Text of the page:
“Do not burn yourselves out. Be as I am– a reluctant enthusiast…a part time crusader, a half-hearted fanatic. Save the other half of yourselves and your lives for pleasure and adventure. It is not enough to fight for the land; it is even more important to enjoy it. While you can. While it is still there. So go out there and hunt and fish and mess around with your friends, ramble out yonder and explore the forests, encounter the grizz, climb the mountains, and bag the peaks…. and I promise you this much: I promise you this one sweet victory over your enemies, over those deskbound people with their hearts in a safe deposit box… I promise you this: you will outlive the bastards.”

Early Morning Drive

About 5 AM this morning I threw on Levis and Redwing boots and rushed into the early February cold before the hint of dawn. As I fired up the Jeep it was so frigid that I quickly retreated into the house waiting for the engine to warm up. The day before, after church, I drove into the desert to plow in four-wheel-drive through fresh snow and get a good scenic view of the aftermath of a big blizzard that had moved through on Saturday. After turning on a random dirt road, I drove about 50 miles cutting fresh tracks in the new snowfall. It felt like I traveled back in time, very nostalgic. I’ve roamed these hills enough to believe it still is like the frontier days. As I looked off into the distance I thought I saw the Wells Fargo stage-coach heading towards the mining-camp of Pioche, Nevada.

Later on I was passing a bend in a canyon and witnessed two coyotes playing in the snow on the opposite hillside. They were unaware of my approach but took off over the ridge after getting spooked. Ten miles later, I came upon a large heard of sheep in a desolate basin scouring for the grass beneath the snow. Two huge white dogs guarded the bunch like vigilant cowboys. They barked warnings at me to stay in the vehicle.

I need to write more for posterity. My Grandpa Lamoreaux suffered a serious stroke recently and he was known as a story-teller in the family. But everything was oral. With the stroke, those stories and memories are lost in time. I grew up with my grandpa telling me about the lost Spanish Gold, claim jumpers, and ghosts. I regret not recording the stories of my grandfather & his prospecting days. All I have is what I remember him telling me. It was often when we were traveling back from the Alabaster mines on the other side of Bryce Canyon that he would begin a tale.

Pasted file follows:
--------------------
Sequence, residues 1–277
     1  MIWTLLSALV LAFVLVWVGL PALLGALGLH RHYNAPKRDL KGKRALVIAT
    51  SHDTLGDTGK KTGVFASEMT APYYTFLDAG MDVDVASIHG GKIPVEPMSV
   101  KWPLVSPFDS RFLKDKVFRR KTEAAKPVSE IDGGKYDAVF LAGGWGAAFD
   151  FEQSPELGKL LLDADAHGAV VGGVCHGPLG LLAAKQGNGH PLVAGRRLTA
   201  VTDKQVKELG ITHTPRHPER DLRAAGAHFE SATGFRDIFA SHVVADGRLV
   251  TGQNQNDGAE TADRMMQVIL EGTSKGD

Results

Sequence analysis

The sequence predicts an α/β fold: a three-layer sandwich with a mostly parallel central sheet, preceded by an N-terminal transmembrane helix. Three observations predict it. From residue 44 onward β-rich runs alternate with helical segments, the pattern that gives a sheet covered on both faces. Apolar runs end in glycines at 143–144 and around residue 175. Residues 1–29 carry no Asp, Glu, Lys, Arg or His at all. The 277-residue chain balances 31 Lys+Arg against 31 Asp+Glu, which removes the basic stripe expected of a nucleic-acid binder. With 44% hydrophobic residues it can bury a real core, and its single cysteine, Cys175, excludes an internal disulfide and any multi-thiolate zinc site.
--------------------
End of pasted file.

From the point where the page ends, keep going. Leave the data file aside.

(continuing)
My love for the hills was spawned and nurtured by my grandfather and his love of nature and prospecting. My own sentiment about the landscape evolved in a different way. I’m not so much a prospector or capitalist like him. More or less, I love the wilderness because it is all we have left. I want to see things go back to the old ways. If I could I’d reverse time and send everyone back to the days of their ancestors. I just love the history of the red sandstone and the deepness of the canyons. The history it still there, haunting these places and we are another chapter. Those canyon will still be there long after we are gone. When I’m in a sandstone canyon there’s nothing more archaic than the echo of a hungry ravens as it glides above the sandstone rim & or the distant thunder of a monsoon cloud-burst off in the distance, or the trickling stream winding it’s way through a rattling grove of Cottonwood. I live for the simplicity, ruggedness, and the rough terrain of Canyon Country, and getting up before sunrise. My gold mine is the beautiful places that have taken root in my heart.

I’ve lost sight on occasion of these most precious things in my life. God created these holy places to seek refuge from the bitter storms of life but I’ve allowed myself to get bogged down like everyone else who gets plugged into civilization. Our modern lifestyle destroys our connections to the Earth and the land. I haven’t forgotten my roots, and I am going back to them. I’m familiar with the canyons and high plateaus of Utah where the meadowlark still sits on the fence-line in spring, singing in as the morning dew glitters in the sun-rays. It’s almost March and I am feeling so restless with summer fever. I’m restless and was up before sunrise with the neighborhood in a slumber.

So I’ve returned from the drive – rejuvenated by snowy country roads and greeted by the sun as it rose from the East. I beat the dawn and it lengthened my day. Life is super-short, why spend it sleeping!? I’ve also been so distracted trying to locate my better half, and haven’t met a girl who loves the mountains & canyons as much as I do. Well, may I have? It’s too early to tell! It’s the end of February and winter is ready to fight. I don’t mind the Spring snow. It’s expected but unwelcome to most who live in the high desert. As a photographer, I always welcome stormy weather but I really love seeing snow slush on green grass and yellow daffodils. The first cricket started singing in my apartment yesterday. He was telling me that Spring had arrived!